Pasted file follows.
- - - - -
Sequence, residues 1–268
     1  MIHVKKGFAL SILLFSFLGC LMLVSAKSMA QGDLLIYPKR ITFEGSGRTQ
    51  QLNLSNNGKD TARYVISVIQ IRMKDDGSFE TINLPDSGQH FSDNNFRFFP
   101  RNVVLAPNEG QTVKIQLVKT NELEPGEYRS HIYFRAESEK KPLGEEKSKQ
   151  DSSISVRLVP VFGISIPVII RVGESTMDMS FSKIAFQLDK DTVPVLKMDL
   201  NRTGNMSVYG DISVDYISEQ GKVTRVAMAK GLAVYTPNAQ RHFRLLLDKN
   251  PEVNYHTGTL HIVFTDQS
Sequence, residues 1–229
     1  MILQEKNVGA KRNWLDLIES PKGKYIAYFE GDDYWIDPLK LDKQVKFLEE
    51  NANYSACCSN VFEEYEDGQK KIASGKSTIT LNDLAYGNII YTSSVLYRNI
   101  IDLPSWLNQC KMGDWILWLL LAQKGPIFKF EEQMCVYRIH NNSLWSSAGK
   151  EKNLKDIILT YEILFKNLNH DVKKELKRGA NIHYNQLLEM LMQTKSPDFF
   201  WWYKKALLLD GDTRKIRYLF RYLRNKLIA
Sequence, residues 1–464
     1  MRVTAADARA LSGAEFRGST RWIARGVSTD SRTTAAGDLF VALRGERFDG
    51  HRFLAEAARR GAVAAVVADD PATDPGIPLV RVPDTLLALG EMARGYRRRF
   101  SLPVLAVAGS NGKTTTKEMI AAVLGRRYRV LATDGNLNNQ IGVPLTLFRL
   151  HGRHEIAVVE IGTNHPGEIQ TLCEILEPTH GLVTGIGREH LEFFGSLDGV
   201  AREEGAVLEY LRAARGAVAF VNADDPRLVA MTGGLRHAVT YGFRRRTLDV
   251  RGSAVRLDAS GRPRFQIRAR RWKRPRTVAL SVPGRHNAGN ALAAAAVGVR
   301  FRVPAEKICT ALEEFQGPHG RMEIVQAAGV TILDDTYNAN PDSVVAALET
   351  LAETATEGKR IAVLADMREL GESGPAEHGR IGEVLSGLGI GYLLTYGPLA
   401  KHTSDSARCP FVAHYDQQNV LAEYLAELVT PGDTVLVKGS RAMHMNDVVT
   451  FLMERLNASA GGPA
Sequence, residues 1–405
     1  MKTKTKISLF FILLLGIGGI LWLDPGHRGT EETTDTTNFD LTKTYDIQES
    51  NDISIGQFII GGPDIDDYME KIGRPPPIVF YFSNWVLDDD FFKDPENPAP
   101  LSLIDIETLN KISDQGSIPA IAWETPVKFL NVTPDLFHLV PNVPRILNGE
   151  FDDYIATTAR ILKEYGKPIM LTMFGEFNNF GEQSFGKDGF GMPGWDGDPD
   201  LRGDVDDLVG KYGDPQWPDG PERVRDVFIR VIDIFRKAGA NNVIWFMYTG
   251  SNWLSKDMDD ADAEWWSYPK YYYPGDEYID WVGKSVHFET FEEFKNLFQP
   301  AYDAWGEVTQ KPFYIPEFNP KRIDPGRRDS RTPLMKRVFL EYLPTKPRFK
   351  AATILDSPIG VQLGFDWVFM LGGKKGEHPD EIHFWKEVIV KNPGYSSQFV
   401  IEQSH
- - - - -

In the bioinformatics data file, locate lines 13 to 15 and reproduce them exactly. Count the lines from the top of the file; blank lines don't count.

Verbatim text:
   201  WWYKKALLLD GDTRKIRYLF RYLRNKLIA
Sequence, residues 1–464
     1  MRVTAADARA LSGAEFRGST RWIARGVSTD SRTTAAGDLF VALRGERFDG